By Sarah Willis, Guest Blogger
Reading rates among children have declined over the years.
The U.S. Department of Education found that between 1984 and 1996 the percentage of 12th grade students reporting that they "never" or "hardly ever" read for fun increased from 9 percent to 16 percent.
A poll of middle and high school students commissioned by the National Education Association discovered that 56 percent of young people say they read more than 10 books a year, with middle school students reading the most. Approximately 70 percent of middle school students read more than 10 books a year, compared with 49 percent of high school students.
Reading rates have also declined abroad. In 2005, 40 percent of 8- to 16-year-olds in the United Kingdom read daily, but by 2012 this figure had dropped to 28 percent. Regular reading improves memory, concentration, and confidence, so it’s not surprising that 64 percent of parents want their children to love reading as much as they do.
But if you’re struggling to get your child to read, don’t despair. There are things you can do to help your child enjoy books and reap of the benefits of being a regular reader.
1) Make reading more interesting
If you look at the most popular magazines for elementary school children, they all have one thing in common. They don’t just present stories. Instead, written material is broken up with activities like coloring, games, and puzzles. This creates a more engaging experience and presents “chunks” of reading that are manageable for children’s shorter attention spans.
- Encourage your child to do activities related to the book they’re reading. For instance, read a chapter together and then suggest that they draw a picture of their favorite character.
- Tablets like the iPad have interactive eBooks. While reading these books, your child can play games and change characters’ appearances, creating an engaging, immersive learning experience.
2) Try different genres
Not all children like the same type of books. For example, many boys are known for preferring non-fiction, so experiment with introducing your child to some different genres and styles of writing. This can be particularly effective if they are feeling disengaged with the books read in school.
- Take your child to the library or bookstore and give them free reign to browse different types of books. You may want to check that they are age-appropriate before your child starts reading them though.
- Choose books that link in with your child’s current passion or spark, whether it’s dinosaurs or ballet.
3) Reward their achievements
Children are easily motivated by celebrating their achievements. This can be as simple as praising them directly, but it can also include rewards like stickers, star charts, or taking them out for ice cream when they’ve finished a book.
- Within your child’s earshot, tell friends and family how well he or she is doing at reading; this can reinforce in your child a sense of pride for being a reader.
4) Get involved with local book events
Most libraries and bookshops run events designed for children, from story time to summer reading challenges. Link reading to having fun with friends; this will make reading more appealing and exposes children to environments where an enthusiasm for books is the norm.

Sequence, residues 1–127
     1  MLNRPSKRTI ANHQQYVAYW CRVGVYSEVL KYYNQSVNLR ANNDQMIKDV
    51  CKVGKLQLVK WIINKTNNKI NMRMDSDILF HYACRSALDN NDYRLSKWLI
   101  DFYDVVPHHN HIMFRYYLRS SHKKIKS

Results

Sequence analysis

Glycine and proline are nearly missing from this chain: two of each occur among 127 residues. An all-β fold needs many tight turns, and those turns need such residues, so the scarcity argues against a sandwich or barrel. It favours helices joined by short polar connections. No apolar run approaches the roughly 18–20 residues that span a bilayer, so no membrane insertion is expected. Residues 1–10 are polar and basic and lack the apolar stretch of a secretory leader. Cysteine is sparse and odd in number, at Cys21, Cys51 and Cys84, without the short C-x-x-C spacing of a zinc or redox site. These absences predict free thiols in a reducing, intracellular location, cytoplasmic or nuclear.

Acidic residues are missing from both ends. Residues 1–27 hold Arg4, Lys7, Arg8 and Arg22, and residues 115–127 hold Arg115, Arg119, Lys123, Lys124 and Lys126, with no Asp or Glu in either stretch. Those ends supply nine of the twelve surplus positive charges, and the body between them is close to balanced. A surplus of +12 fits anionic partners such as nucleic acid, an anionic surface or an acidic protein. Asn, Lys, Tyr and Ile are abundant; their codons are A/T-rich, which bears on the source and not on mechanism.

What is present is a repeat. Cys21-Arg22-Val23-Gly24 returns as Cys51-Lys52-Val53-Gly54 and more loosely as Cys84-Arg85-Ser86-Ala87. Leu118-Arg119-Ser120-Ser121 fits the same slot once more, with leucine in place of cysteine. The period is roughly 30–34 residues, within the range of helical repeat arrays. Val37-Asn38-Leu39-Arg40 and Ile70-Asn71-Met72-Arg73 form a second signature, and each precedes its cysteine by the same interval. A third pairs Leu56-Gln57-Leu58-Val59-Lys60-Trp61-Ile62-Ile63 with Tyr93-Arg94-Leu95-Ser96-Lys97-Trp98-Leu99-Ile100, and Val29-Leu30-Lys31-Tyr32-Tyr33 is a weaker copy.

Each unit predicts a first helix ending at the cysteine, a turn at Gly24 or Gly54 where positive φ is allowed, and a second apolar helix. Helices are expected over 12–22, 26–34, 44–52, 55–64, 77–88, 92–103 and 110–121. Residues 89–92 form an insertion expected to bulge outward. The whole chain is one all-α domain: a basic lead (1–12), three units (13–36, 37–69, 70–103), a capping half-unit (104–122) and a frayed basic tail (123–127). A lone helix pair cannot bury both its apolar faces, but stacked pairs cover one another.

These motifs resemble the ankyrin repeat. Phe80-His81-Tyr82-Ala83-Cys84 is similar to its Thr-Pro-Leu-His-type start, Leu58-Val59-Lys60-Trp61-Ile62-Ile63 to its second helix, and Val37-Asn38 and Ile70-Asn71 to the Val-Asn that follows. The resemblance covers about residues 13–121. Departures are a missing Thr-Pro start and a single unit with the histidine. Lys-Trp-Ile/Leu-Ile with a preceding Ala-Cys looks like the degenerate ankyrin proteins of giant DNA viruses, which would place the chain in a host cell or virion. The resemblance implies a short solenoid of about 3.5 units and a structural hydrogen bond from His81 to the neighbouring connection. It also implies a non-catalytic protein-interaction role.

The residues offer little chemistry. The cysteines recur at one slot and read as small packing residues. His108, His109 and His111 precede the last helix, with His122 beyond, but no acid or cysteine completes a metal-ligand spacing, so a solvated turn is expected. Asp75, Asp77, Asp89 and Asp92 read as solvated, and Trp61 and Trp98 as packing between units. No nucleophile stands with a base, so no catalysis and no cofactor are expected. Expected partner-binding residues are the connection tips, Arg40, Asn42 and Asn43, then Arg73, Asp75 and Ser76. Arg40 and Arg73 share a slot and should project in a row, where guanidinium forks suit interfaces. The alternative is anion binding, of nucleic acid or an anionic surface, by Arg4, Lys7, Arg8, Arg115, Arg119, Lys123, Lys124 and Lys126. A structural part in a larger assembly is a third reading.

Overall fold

- Make taking your young child to story hours at the local library or children’s bookstore a part of your weekly routine. If this does not fit your schedule, create your own daily story time.
- Get your older children and their friends involved in a local reading challenge. This can encourage a little healthy competition, and the challenge can really spur children on.
5) Model reading yourself
Children learn best by example. This doesn’t mean you have to spend hours reading, but do have a book or two of your own about the house.
- Read in front of your children. Younger children often want to emulate their parents. If you’re encouraging them to read, but they never see you doing so yourself, it can send mixed messages.
- With older children who can read alone, a quality time activity can be reading together and then discussing your books.
6) Give children their own bookshelf
Let your child build up his or her own book collection and take pride in it. This encourages them to associate reading with the pride of ownership.
- You don’t need to spend a lot of money doing this, because you can easily find children’s books at second hand stores or used bookshops.
- Give your child an edition of a particularly beloved story on special occasions. Or give them a gift certificate and let them choose their own book and pay for it themselves like a grown-up.
7) Create a special reading area
If you have space, create a snug nook for reading in your child’s room.
- Again, this doesn’t have to be expensive. A colorful beanbag or comfy chair, a small bookshelf, and a poster from a favorite book is more than sufficient. Make sure that the space adequately lit, particularly during the winter.
- Get your child involved in picking out items for the space. This will give him or her a feeling of ownership and pride over the space.
Doing any of these seven suggestions makes reading more engaging and appealing for your child, so choose the ones that suit your child’s personality and interests.
Tell Us: How do you encourage your kids to read?
Sarah Willis is a freelance writer working out of Brighton, UK. She has worked in the business and financial industries, and she now covers a range of subjects including personal finance, start-ups, and education.
Photo Credit: Tim Pierce on Flickr.